Parents

“I was shocked and horrified that she could do this to herself. Why? I just couldn’t understand it to start with. I felt heartbroken but really very alone. This is not something you can easily share.”

Information – taken from The Parent’s Guide to Self-Harm: What Parents Need to Know, by Jane Smith (Lion Hudson)

“Self-harm is a coping strategy, not an attempt at suicide. Self-harming usually stems from deep distress and confused thoughts and emotions. It shouldn’t be ignored because your child needs help. It’s essential that you listen to them and allow them to talk about it if they’re prepared to, even though both they and you will find it hard. The first step to recovery is admitting the problem themselves, talking about it to someone who cares and then getting help and support.

People who self-harm can come to rely on it as a method of coping, using it as a way of releasing their feelings of distress in order to feel better and cope better. Sufferers often talk about the build up of emotions such as anger, self-loathing, guilt, and panic– of being trapped by their situation as well as with their negative thoughts and feelings. Self-harming can provide relief.

The size, amount or severity of injury does not equate to the person’s depth of feelings. In other words just because the harming may appear superficial, don’t assume that your child is feeling only a little bit distressed and doesn’t need your help.”

 My Suggested Action Plan – information I have obtained directly from parents’ experiences of caring for a child who self-harms.

  • Keep lines of communication open; talk to them but more importantly listen and show that you are interested in the issues that they are going through. Suggest a day out together, but go with the aim to spend time with them rather than an opportunity to confront or question. Letters and emails can also be a useful first point of contact and can be a great way for you to convey your support and love. Don’t be disheartened if they reject your attempts, it can be very hard as a sufferer to accept help and it can take them a while to open up. Don’t give up, try again and keep trying.
  • Try to show care and offer help with any injuries, however hard this may be for you as a parent. Injuries are often superficial, but watch out for them becoming more serious and needing further medical treatment. Read up on your first aid skills keep your medical supplies well stocked and consider attending a first aid course.
  • Identify any factors that trigger an episode of harming. Stress, anxiety and frustration can be common triggers and it can help to unpack the cause of these feelings and create solutions. Not only can this potentially prevent an episode (now and in the future), but it can be a useful exercise to work through together, so that they too can learn to recognise the warning signs and begin to take charge of their emotions.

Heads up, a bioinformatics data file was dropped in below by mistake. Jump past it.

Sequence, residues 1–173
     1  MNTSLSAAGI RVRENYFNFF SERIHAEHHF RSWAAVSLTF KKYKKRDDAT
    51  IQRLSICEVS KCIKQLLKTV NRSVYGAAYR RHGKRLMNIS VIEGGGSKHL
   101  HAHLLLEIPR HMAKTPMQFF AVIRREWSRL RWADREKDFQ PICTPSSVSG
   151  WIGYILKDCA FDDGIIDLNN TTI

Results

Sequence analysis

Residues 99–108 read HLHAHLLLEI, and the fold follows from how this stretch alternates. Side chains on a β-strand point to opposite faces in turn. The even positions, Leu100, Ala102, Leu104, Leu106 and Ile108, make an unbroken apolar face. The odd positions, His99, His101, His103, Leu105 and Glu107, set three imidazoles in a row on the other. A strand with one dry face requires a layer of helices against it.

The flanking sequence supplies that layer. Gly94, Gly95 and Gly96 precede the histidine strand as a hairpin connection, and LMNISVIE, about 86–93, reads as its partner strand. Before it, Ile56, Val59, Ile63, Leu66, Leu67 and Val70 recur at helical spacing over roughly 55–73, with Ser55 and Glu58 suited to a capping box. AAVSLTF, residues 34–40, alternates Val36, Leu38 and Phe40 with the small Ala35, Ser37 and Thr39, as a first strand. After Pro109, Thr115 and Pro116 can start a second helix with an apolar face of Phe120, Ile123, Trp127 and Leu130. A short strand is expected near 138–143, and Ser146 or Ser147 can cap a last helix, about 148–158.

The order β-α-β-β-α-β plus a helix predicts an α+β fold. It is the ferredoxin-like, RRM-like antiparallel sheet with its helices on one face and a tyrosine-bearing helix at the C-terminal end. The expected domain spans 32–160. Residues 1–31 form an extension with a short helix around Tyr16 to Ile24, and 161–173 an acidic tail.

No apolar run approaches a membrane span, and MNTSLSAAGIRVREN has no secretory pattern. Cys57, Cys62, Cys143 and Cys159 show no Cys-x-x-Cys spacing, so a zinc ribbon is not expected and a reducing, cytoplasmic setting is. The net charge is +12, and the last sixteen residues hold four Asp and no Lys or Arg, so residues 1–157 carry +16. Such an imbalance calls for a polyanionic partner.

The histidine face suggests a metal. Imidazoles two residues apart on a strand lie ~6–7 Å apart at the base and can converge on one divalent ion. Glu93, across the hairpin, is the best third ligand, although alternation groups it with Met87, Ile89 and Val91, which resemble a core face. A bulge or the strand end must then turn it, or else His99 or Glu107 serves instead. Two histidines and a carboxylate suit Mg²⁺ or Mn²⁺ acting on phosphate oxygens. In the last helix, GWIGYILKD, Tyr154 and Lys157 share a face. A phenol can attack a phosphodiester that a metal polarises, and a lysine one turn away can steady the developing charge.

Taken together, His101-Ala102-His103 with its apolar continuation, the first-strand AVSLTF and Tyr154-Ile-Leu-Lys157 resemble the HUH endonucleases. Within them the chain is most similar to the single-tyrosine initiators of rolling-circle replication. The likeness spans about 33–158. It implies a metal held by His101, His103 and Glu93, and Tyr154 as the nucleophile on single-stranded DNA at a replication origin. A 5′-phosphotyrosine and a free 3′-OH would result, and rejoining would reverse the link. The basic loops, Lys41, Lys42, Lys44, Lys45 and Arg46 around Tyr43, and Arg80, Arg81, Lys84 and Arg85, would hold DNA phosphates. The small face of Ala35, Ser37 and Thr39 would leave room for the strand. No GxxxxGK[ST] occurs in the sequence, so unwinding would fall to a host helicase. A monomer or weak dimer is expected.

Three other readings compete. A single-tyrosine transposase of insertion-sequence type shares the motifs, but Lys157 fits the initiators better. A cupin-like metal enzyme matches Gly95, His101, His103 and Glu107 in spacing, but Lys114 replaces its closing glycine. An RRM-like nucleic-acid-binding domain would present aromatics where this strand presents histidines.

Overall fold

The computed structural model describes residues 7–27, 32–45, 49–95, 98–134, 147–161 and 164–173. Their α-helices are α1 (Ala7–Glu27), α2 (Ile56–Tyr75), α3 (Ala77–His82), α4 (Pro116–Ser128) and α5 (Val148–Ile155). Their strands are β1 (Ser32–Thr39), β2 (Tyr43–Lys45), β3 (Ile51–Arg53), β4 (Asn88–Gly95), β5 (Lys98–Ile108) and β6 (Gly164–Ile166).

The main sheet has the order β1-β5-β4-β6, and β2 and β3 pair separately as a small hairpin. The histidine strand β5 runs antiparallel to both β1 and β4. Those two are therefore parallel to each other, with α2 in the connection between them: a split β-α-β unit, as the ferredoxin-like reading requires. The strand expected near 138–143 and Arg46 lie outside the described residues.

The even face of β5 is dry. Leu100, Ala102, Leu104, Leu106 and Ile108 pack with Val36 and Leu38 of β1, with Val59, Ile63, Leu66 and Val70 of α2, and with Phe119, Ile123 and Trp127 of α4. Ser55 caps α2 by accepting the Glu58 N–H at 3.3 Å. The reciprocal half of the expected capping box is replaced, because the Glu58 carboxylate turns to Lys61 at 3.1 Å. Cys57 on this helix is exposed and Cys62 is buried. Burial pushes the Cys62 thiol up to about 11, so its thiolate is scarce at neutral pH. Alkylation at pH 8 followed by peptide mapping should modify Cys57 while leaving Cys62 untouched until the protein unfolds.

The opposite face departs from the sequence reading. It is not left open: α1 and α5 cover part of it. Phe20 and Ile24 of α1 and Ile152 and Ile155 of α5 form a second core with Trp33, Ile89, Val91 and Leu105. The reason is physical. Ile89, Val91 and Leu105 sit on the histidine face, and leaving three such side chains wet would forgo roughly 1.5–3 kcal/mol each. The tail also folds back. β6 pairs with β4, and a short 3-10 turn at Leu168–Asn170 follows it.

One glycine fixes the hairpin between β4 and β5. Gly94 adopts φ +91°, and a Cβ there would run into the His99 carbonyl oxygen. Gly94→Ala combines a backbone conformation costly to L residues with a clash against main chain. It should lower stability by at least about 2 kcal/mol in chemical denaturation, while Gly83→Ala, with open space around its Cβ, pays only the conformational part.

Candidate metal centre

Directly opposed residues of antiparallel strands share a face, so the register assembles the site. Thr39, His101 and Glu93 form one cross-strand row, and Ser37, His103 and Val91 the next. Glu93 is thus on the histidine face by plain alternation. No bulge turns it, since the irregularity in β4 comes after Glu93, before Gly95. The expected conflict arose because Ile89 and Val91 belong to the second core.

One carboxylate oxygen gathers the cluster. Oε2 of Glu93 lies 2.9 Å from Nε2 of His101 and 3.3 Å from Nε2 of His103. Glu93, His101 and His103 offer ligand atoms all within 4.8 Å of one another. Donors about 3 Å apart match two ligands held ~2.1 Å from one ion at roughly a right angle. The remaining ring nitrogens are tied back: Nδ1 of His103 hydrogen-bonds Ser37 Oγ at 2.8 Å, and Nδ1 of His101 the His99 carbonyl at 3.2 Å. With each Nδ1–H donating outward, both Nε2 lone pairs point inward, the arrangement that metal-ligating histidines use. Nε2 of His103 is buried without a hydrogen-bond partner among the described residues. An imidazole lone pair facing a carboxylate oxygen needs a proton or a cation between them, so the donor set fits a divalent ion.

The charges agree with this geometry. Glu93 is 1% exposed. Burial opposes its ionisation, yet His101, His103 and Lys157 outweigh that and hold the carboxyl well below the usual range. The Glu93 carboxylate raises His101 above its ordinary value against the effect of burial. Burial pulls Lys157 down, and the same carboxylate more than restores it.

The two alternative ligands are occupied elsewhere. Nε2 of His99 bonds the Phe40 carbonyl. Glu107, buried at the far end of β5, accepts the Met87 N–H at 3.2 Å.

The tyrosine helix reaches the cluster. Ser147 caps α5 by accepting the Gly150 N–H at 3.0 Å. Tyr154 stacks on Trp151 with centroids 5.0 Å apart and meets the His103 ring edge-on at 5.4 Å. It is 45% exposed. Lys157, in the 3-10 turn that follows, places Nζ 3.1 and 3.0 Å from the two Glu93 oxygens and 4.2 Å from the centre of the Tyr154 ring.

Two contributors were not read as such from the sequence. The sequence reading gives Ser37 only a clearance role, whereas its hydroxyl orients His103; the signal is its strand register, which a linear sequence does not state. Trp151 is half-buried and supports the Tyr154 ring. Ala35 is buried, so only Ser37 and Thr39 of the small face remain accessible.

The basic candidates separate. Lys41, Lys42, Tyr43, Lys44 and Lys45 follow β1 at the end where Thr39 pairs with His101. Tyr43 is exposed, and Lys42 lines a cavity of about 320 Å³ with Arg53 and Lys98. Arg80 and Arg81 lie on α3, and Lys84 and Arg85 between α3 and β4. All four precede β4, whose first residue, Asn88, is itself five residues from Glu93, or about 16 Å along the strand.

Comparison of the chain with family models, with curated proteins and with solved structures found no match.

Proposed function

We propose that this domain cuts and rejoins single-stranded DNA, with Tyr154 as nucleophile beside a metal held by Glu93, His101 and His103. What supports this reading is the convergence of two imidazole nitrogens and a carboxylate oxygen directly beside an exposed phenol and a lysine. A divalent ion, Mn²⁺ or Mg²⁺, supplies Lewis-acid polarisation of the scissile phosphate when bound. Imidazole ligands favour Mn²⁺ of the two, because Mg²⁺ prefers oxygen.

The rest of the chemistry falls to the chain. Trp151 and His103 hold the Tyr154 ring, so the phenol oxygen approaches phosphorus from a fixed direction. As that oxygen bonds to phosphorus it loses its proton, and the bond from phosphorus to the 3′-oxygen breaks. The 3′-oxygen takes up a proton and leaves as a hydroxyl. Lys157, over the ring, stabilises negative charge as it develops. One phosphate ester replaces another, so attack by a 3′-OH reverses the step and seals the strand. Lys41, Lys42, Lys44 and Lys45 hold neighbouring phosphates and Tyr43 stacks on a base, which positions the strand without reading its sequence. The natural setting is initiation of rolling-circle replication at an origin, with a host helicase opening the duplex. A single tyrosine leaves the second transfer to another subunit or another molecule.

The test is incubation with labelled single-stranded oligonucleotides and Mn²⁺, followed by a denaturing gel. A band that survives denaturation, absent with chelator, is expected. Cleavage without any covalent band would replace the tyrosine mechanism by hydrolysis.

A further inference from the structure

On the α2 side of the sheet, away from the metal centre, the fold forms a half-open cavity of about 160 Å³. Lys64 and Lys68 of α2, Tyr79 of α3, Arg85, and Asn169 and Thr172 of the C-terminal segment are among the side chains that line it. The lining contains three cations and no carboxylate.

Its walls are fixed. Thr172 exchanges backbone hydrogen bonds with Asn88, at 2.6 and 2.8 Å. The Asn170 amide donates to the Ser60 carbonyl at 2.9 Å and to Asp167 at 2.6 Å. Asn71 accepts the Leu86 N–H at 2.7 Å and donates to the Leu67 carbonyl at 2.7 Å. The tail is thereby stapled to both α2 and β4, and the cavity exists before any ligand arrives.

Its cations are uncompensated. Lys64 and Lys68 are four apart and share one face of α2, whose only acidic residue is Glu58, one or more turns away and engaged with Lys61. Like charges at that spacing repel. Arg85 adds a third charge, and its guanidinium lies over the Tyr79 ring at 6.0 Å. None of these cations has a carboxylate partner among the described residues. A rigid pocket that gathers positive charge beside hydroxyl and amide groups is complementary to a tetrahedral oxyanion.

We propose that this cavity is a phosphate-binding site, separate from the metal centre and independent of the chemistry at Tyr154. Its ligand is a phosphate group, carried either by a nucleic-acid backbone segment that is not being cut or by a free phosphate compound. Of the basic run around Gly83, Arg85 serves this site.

• It is tempting to want to be with them at all times. Rather than infringing on their own space, highlight that you are always there for them (this will encourage them to come to you when they feel most vulnerable and possibly prevent an episode). Suggest a few days out or trips that you can do with them or with a friend so that they have something to look forward to. Having something positive on the horizon really helps give the sufferer a focus.

Dads  

“Initially I’ll admit I was angry with her, I thought it was something she could easily stop and by not doing so she was being disobedient. As I began to read up about it and take advice, I realised there was an addictive aspect to it as well as many emotional factors and a slower approach had to be taken.’

My Suggested Action Plan – (information I have obtained directly from parent’s experiences of caring for a child who self-harms)

  • Men can often struggle with the emotional side of self-harm, which is perfectly normal and understandable. Admit this and try to confide in another male, a friend, doctor or counsellor who can see the situation from your perspective and provide practical advice.
  • Appreciate the extra strain this is putting you under. Communicate with your partner, especially if you are separated or divorced and remember that a united approach is better for you and the whole family.
  • Remember that your child needs a father’s love and support just as much as a mother’s and therefore your role in their recovery is vital.
  • Build their self-esteem, encourage them to recognise their personal qualities and motivate them to work towards a future goalUse your powers of logic and reasoning to help them problem solve. As a sufferer, an episode can be brought on by feeling overwhelmed emotionally. Help them to overcome these feelings by writing their concerns down on paper and go through them one by one. By separating the emotion from the problem and having a plan with manageable steps, you can help them to see more clearly, thereby reducing anxiety.